Skip to main content

Advanced Search

Advanced Search

Current Filters

Filter your query

Publication Types



Newsletter Article


Washington State: Cultural Competency Training

In an effort to reduce racial and ethnic disparities in health care, Washington State has joined New Jersey in requiring cultural competency training for certain health care professionals. The legislation, sponsored by Senate leader Rosa Franklin (D) and others and signed into law in 2006, calls for the establishment of an ongoing multicultural health awareness and education program "…to raise awareness and educate health care professionals regarding the knowledge, attitudes, and practice skills necessary to care for diverse populations to achieve a greater understanding of the relationship between culture and health." All professions regulated by the Washington State Department of Health (DOH) must integrate multicultural education into their basic curriculum by July 1, 2008.

To assist with this requirement, the DOH anticipates having a training tool available through its Web site for all health professionals by the July deadline. Use of this tool will be voluntary; training programs can develop their own educational approaches. In addition, the terms of the legislation can be met through a continuing multicultural education component for professions that already require continuing education.

According to Vickie Ybarra, chair of the Governor's Interagency Council on Health Disparities, "this legislation will importantly increase the availability of cultural competence training for health care professionals currently completing their education as well as those already in practice. Our state will learn much from this process that we are confident will help address health disparities in our increasingly diverse state."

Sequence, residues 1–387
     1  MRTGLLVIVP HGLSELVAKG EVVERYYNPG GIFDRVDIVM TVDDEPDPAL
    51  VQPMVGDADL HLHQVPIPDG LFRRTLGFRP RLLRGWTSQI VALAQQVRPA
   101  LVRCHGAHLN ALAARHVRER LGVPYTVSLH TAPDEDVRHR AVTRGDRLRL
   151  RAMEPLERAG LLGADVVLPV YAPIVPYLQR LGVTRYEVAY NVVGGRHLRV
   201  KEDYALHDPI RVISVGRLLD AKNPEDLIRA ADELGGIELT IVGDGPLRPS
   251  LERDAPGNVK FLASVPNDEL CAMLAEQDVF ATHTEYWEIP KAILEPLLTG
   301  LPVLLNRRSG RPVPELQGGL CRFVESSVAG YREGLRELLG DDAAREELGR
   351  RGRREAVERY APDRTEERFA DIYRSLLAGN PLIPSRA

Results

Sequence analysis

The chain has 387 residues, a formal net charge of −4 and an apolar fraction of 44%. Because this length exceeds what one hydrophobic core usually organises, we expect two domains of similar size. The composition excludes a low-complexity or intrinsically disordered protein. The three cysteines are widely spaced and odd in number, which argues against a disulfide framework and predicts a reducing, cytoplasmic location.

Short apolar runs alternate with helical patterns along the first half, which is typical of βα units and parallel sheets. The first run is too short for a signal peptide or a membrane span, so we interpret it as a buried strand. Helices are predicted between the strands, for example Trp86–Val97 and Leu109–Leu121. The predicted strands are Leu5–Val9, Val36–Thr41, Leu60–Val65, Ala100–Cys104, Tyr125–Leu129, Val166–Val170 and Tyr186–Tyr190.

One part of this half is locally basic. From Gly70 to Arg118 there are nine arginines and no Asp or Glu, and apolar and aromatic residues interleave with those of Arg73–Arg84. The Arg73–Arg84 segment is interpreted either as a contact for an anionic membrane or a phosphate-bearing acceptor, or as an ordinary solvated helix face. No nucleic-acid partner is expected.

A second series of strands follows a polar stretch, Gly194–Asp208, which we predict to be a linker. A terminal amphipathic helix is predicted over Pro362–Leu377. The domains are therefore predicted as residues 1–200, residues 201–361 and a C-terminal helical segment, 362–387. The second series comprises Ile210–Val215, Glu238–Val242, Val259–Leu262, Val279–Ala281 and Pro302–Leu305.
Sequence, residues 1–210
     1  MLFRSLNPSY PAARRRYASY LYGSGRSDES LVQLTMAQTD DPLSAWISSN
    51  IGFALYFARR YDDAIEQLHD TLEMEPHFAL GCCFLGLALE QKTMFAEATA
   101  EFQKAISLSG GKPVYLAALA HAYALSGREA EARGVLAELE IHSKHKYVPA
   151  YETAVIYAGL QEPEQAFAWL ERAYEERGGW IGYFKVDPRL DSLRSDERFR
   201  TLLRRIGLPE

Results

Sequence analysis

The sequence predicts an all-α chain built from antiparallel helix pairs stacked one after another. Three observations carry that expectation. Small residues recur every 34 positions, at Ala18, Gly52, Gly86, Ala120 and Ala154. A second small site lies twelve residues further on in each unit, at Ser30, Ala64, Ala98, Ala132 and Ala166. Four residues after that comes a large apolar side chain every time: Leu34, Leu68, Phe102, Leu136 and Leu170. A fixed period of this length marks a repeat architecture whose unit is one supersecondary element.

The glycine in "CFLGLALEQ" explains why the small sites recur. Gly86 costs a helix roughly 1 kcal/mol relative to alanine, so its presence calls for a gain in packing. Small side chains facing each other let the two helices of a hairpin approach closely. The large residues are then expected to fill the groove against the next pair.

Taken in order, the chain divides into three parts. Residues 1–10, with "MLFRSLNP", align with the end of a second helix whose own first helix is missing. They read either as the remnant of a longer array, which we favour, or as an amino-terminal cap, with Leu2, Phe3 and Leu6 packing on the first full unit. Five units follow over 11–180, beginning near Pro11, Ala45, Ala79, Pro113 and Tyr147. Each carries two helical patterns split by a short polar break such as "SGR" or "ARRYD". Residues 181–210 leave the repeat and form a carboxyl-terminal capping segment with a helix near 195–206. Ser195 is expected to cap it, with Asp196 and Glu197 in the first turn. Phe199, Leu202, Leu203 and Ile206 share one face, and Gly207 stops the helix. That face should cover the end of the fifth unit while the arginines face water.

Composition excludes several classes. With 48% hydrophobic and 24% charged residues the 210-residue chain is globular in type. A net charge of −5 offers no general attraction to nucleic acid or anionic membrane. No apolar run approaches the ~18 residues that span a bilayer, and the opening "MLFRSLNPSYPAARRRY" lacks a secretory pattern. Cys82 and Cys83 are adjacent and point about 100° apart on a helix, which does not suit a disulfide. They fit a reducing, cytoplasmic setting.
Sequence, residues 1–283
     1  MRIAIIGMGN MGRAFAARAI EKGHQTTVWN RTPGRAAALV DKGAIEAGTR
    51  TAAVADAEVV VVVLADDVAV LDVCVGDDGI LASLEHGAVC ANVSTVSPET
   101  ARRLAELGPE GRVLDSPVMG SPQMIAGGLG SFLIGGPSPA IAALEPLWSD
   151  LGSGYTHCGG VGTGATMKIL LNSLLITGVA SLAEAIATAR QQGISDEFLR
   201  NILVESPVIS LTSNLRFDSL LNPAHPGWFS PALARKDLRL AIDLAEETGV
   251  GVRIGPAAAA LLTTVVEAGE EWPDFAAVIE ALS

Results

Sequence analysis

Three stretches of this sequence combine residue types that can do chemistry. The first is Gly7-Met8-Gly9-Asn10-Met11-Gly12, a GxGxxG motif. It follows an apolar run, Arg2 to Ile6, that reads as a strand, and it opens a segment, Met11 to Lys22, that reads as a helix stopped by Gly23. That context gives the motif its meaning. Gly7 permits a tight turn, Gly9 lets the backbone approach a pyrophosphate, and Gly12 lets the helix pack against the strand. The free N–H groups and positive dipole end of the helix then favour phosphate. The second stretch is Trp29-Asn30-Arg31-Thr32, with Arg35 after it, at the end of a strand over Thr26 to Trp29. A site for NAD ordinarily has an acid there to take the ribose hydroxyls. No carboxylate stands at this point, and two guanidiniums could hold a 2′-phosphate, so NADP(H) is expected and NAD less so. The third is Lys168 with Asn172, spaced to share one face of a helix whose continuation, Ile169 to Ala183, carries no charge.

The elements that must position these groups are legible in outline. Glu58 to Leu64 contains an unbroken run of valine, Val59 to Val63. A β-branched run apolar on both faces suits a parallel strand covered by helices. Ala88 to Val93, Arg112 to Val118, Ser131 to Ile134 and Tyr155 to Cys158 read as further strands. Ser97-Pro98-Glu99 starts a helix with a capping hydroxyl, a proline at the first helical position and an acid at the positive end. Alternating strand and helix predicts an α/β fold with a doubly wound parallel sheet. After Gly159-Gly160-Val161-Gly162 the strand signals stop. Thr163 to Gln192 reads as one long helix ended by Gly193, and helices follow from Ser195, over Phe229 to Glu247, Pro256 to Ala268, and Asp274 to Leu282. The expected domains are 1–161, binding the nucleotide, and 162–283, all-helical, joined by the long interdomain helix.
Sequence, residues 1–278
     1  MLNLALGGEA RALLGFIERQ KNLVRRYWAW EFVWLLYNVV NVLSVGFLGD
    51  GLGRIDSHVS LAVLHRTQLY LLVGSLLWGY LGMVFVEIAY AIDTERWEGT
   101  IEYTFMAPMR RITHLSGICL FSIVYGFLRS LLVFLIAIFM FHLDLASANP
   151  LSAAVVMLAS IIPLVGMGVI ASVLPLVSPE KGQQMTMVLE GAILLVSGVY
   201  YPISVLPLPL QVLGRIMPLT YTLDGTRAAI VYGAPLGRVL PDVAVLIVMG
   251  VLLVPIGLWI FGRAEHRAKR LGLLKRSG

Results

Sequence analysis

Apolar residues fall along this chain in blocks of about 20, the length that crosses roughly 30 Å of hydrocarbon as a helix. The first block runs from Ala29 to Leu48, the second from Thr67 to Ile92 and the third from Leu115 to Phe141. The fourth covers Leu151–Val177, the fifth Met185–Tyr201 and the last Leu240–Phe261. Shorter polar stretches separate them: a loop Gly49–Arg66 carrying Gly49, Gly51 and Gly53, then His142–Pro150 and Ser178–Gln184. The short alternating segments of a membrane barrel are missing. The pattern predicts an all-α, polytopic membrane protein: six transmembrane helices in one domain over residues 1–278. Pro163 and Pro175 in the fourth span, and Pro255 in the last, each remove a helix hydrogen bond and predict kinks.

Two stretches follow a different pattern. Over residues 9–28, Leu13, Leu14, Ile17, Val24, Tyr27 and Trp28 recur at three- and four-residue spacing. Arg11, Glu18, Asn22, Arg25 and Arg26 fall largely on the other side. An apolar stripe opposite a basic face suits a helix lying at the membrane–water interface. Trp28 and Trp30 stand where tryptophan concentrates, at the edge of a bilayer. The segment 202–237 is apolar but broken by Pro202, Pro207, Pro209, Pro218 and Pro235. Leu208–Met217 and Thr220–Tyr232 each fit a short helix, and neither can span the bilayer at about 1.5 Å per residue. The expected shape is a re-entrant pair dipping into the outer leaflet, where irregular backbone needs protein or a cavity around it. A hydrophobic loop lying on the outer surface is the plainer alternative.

Other states have passed legislation involving cultural competency training, including California, which requires cultural competency curricula in continuing medical education courses, and Maryland, which encourages education about health disparities and is piloting cultural competency training for certain health care providers. Bills addressing this issue have been proposed in Arizona, New York, Illinois, and Ohio.

In addition to cultural competency training, states are attempting to reduce health disparities through their Medicaid programs. Strategies include: standardizing and collecting race and ethnicity information on enrollees; incorporating financial incentives and disparities reduction goals into health plan contracts; and requiring access to translators and culturally appropriate care. These approaches are summarized in a recent Center for Health Care Strategies, Inc., issue brief, From Policy to Action: Addressing Racial and Ethnic Disparities at the Ground Level.

For More Information
Contact: Karen Jensen, Policy Director, Washington State Department of Health, 360 236-4621, [email protected].

Publication Details